STOP! If you have just arrived at this website looking for a Bato buckets system, you might want to go back to page one of this mini-farm plan.
NOW, Let's get back to work!
10. Now it's time to drill the drain holes in the back drainage rail (the one with the t-piece). Set the three Batos onto the frame so they line up evenly between the elbow and the T-piece and mark on the PVC pipe where the drain holes come out:
11. Using the 7/8” spade bit or a 1” hole saw bit, drill the three holes in the very top of the PVC pipe. This is where the Bato drain elbows will fit into the drain pipe.
12. You're really getting there now. This is what it looks like with buckets in place:
13. The remaining 6” piece of PVC pipe is the drain pipe extension. Glue it into the down port of the T-piece. Then using the 2-¼” hole saw, cut a hole in the reservoir lid right where the drain port extension hits the lid, so it will enter it. Cut a smaller 1” hole in the front corner as shown. This is where the hose is going to come up from the pump to the feeder lines.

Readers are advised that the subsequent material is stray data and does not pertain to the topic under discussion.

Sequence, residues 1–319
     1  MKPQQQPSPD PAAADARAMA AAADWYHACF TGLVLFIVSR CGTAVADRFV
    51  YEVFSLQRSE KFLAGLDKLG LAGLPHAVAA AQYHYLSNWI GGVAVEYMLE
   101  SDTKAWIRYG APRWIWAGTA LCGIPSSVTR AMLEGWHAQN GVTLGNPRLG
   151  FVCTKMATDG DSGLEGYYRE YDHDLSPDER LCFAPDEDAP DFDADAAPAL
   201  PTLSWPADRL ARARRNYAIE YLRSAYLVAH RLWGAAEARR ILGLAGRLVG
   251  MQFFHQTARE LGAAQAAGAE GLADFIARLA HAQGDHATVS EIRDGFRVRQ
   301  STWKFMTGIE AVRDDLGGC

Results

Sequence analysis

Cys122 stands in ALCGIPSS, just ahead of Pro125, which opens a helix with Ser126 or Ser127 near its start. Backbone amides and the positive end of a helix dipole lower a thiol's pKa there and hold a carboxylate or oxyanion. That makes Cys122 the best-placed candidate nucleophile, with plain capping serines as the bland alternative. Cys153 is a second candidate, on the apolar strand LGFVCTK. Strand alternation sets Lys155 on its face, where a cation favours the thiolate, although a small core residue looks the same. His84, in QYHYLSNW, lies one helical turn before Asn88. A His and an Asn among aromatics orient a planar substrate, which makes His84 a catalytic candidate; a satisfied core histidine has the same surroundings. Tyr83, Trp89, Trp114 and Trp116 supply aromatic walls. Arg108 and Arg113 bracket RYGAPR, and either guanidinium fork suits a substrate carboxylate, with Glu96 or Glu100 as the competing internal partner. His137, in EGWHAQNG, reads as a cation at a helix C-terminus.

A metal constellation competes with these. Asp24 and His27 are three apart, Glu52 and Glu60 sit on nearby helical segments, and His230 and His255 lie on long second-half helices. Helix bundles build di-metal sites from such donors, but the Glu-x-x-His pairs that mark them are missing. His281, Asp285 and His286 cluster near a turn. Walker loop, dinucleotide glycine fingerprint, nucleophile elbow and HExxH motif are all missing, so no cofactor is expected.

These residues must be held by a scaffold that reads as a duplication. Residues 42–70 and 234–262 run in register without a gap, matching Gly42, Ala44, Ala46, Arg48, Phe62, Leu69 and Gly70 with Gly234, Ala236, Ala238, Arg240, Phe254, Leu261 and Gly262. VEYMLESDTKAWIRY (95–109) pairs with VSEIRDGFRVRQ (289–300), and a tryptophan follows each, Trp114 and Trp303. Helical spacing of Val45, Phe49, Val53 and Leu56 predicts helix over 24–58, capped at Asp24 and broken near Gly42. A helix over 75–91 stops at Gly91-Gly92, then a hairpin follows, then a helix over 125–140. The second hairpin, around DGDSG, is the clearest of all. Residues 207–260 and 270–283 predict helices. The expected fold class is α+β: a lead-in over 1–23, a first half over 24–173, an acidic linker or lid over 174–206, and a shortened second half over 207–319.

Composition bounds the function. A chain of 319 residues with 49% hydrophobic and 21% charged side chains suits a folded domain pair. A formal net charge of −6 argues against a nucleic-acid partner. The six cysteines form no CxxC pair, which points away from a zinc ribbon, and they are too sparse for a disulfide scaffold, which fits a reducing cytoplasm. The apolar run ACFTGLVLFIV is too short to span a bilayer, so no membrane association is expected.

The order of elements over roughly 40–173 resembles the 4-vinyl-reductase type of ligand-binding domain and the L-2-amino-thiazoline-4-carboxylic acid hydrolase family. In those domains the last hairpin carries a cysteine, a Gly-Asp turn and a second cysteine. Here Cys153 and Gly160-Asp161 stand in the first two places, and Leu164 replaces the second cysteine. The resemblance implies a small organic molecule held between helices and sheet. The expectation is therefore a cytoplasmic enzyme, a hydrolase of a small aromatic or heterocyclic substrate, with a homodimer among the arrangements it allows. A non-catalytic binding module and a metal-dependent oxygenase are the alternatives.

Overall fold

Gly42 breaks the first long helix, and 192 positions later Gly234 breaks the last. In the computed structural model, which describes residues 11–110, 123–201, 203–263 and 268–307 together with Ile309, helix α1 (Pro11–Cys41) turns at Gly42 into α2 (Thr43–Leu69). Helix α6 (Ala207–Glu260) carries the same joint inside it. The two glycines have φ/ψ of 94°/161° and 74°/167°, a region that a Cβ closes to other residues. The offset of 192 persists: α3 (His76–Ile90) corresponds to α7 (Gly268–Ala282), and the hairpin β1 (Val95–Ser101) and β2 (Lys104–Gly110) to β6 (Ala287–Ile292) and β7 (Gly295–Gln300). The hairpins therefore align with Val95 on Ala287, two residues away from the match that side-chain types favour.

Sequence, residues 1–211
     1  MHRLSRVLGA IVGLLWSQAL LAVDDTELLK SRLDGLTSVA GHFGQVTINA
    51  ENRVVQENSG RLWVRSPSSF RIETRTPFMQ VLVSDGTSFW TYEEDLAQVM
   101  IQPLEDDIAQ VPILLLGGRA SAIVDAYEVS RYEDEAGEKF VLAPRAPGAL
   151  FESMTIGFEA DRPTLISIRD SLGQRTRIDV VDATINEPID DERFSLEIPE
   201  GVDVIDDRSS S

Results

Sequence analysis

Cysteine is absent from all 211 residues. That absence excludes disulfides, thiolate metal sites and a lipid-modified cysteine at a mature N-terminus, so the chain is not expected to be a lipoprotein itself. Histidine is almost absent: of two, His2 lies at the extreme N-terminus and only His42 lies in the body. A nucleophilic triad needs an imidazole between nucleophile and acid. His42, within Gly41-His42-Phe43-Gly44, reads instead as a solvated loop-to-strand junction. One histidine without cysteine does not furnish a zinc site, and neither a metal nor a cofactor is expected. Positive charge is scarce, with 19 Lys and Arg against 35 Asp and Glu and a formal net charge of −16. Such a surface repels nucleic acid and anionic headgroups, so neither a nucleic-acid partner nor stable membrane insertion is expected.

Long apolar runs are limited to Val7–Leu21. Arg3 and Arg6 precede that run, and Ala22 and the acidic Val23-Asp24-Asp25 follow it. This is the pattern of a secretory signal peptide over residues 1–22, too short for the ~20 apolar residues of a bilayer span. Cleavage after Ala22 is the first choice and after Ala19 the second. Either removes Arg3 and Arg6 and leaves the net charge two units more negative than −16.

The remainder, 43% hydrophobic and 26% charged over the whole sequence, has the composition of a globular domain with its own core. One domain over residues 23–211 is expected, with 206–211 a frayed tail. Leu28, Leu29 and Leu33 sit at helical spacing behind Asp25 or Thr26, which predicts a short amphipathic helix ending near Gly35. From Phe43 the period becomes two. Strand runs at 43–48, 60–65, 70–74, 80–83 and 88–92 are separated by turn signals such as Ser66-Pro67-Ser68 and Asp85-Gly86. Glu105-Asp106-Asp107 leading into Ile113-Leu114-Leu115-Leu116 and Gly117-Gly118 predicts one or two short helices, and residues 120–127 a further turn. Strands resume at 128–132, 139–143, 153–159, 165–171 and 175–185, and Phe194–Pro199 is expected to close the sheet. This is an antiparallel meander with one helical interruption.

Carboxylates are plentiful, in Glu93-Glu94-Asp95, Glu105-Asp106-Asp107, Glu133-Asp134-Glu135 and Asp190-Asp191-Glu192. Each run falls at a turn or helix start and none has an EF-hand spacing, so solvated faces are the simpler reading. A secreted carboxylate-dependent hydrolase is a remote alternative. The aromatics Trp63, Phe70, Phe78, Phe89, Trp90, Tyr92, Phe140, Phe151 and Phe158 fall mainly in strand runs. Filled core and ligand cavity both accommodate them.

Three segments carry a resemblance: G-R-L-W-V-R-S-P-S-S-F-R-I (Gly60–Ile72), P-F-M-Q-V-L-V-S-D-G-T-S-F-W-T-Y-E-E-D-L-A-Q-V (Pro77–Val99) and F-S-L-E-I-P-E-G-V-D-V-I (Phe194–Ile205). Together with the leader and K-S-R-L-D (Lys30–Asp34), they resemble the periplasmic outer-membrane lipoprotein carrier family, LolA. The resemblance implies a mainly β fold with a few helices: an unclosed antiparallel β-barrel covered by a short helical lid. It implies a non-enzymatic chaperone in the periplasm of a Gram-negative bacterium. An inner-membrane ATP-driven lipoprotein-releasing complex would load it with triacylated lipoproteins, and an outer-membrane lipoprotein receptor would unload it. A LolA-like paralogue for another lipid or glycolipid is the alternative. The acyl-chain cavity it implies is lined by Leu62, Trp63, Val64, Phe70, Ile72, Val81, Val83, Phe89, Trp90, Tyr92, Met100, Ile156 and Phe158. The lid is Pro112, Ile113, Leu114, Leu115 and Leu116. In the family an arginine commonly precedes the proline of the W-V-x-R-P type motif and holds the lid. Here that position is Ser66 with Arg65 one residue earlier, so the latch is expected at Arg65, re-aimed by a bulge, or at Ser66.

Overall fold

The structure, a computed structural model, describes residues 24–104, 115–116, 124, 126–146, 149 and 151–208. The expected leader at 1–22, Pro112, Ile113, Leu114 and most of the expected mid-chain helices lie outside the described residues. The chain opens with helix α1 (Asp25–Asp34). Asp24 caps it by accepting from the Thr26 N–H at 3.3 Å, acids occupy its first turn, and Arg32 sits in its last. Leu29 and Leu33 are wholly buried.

About Bato (Dutch) Buckets:
Dutch buckets are a fantastic complement to the highly efficient drip irrigation systems. The bucket has a unique patented internal drainage system. The two elbows included with the unit suck overflow water from the lowest level of the bucket and discharge it into a central drainpipe. By doing this, the older, more stagnant nutrients are removed from the bottom of the container, allowing the fresher mix to flow from the top.
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